Branched DNA Method

The branched DNA method (bDNA)63,64 is carried out in microwells and begins with the addition of a lysis buffer to a small volume of serum, plasma, or culture supernatant containing cells or virus. The lysis reagent contains detergent to release target nucleic acid, inhibitors to prevent target degradation, and multiple capture extenders (oligonucleotides) that hybridize to specific areas of the target RNA or DNA. In the case of the HIV bDNA assay, the capture extenders hybridize to multiple sequences in the pol gene. A common sequence on the capture extenders interacts with capture probes immobilized on the surface of 96-microwell plates, thereby anchoring the target nucleic acid to the plate.

Multiple target probes are added that hybridize to different, conserved sequences on the target RNA or DNA. In the HIV bDNA assay, more than 80 target probes covering a large portion of the 3000 bp of the pol gene are used. The target probes contain key sequences that form the foundation for signal amplification, accomplished via the sequential addition of preamplifier (complementary to a region of the target probes), amplifier (complementary to a region of the preamplifier molecule), and alkaline-phosphatase-modified label probes (complementary to portions of the amplifier molecule).

Preamplifier, amplifier, and label probes, as well as the preamplifier region of the binding probes, contain the non-natural nucleotides 5-methyl-2'-deoxyisocytidine (isoMeC) and 2'-deoxyisoguanosine (isoG). These isomers of natural bases can participate in Watson-Crick base pairing with each other but not with cytosine or guanine residues in probes or in DNA or RNA sequences. Incorporation of non-natural bases into the synthetic probe molecules increases the specificity of hybridization by decreasing nonspecific probe interactions, and increases the sensitivity of the assay since higher concentrations of probes can be used.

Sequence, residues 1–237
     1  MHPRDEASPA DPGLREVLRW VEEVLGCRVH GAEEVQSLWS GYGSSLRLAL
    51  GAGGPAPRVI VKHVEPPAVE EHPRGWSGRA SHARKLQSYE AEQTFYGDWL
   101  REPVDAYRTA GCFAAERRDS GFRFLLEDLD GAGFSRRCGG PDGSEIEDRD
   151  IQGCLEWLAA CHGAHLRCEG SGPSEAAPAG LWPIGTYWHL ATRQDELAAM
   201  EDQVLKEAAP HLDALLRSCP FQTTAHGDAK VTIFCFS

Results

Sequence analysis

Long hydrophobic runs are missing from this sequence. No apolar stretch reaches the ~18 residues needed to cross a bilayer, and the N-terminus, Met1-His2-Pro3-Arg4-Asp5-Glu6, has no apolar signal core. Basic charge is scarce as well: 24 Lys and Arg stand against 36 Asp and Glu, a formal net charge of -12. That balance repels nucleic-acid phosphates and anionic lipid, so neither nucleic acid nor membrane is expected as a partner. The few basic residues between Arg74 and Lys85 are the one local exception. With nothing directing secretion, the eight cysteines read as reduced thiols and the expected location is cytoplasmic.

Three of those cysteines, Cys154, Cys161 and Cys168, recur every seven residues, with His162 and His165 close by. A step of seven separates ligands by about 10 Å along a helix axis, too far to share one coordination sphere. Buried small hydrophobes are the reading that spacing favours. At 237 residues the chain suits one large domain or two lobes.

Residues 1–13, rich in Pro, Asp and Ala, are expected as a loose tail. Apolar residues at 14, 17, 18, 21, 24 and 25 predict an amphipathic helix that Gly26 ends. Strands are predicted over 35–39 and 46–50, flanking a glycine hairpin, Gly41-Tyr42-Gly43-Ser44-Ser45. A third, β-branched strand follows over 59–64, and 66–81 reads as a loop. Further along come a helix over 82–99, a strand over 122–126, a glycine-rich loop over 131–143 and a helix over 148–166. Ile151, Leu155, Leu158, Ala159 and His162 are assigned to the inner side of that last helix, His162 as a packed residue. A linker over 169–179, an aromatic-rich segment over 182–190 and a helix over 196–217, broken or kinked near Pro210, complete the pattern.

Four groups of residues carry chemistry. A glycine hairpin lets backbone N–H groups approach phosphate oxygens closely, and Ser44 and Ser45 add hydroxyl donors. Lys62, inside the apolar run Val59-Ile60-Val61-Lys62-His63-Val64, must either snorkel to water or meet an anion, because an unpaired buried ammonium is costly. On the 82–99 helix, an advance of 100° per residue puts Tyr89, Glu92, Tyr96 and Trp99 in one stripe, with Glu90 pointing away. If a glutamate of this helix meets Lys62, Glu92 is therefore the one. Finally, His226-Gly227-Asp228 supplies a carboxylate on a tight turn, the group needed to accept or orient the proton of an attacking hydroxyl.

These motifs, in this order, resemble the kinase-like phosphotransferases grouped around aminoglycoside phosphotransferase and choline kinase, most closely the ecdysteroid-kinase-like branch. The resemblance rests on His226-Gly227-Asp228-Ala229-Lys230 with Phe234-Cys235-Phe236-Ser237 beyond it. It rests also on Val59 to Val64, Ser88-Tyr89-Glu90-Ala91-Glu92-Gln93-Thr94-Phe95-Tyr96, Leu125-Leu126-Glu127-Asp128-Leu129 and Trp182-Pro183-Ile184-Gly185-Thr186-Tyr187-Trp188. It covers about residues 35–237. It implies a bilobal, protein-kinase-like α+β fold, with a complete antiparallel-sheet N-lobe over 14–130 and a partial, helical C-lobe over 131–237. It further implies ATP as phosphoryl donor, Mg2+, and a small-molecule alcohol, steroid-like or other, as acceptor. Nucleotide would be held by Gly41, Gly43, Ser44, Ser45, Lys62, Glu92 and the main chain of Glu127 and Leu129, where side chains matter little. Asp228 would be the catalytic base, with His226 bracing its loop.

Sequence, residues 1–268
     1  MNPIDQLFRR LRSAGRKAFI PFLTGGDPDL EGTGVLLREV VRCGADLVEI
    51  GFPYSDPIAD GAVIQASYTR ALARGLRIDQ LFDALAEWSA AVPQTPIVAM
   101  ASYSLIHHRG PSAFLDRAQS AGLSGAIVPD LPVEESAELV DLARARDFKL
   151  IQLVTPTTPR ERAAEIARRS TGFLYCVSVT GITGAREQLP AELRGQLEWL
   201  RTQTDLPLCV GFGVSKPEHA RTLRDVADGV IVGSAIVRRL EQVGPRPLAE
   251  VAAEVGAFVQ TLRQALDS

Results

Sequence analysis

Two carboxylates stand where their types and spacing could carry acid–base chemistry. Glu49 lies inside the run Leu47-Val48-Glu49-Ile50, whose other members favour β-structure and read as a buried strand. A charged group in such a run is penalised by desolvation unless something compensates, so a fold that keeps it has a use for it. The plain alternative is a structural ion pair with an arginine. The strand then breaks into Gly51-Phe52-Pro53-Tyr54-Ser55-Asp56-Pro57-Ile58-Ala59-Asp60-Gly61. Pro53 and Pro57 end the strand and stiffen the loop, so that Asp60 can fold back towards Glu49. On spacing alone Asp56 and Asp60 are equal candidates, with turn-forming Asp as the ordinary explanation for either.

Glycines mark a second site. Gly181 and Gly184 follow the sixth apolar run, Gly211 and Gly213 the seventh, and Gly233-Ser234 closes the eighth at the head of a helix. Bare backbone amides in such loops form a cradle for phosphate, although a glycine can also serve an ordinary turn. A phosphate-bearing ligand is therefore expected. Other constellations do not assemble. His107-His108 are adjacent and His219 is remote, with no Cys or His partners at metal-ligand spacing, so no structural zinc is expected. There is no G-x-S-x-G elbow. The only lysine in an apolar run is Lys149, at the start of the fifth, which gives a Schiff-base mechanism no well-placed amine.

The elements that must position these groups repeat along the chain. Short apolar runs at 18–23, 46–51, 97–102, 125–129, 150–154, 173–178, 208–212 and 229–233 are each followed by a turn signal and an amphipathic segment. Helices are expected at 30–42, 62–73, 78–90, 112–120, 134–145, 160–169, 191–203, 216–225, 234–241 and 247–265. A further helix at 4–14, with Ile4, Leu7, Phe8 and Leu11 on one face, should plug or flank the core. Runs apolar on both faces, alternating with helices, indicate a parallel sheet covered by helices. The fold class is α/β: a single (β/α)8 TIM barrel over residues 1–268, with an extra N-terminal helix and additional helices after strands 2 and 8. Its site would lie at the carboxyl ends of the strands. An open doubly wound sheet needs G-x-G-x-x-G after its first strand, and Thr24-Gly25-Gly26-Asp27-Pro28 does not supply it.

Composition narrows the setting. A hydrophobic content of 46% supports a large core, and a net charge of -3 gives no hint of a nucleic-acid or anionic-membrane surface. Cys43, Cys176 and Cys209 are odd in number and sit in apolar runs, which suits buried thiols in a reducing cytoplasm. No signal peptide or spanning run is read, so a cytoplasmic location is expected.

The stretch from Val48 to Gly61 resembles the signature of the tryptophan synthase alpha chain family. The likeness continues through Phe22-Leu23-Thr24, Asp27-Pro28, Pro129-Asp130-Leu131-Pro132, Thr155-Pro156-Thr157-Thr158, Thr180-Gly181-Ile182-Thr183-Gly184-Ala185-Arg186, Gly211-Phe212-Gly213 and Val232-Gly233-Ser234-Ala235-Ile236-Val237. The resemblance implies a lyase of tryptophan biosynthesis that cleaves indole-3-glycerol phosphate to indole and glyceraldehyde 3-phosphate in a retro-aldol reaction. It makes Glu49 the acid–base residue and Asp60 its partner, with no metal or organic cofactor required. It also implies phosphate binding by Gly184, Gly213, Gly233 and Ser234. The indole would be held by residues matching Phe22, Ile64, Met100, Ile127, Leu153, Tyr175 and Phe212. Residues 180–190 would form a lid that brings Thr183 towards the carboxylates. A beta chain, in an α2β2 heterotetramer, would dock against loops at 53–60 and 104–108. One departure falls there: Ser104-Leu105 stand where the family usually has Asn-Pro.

The series of probes results in formation of large hybridization complexes on the target RNA or DNA. For example, if each hybridization step was 100% efficient in the HIV bDNA assay, each target molecule would be labeled with more than 10,000 alkaline phosphatase molecules. Addition of dioxetane substrate for the alkaline phos-phatase results in steady-state chemiluminescence. The luminescent signal is proportional to the amount of target RNA or DNA present in the sample. The amount of target RNA or DNA in a specimen may be calculated by interpolation from a standard curve generated by signals produced from calibrators that contain known concentrations of the specific viral, bacterial, or cellular RNA or DNA. A schematic of this technology is shown in Figure 2-7.

Examples of Applications of bDNA method

1. HIV quantitation65,66

2. Hepatitis B virus (HBV) quantitation67-70

3. HCV quantitation71,72

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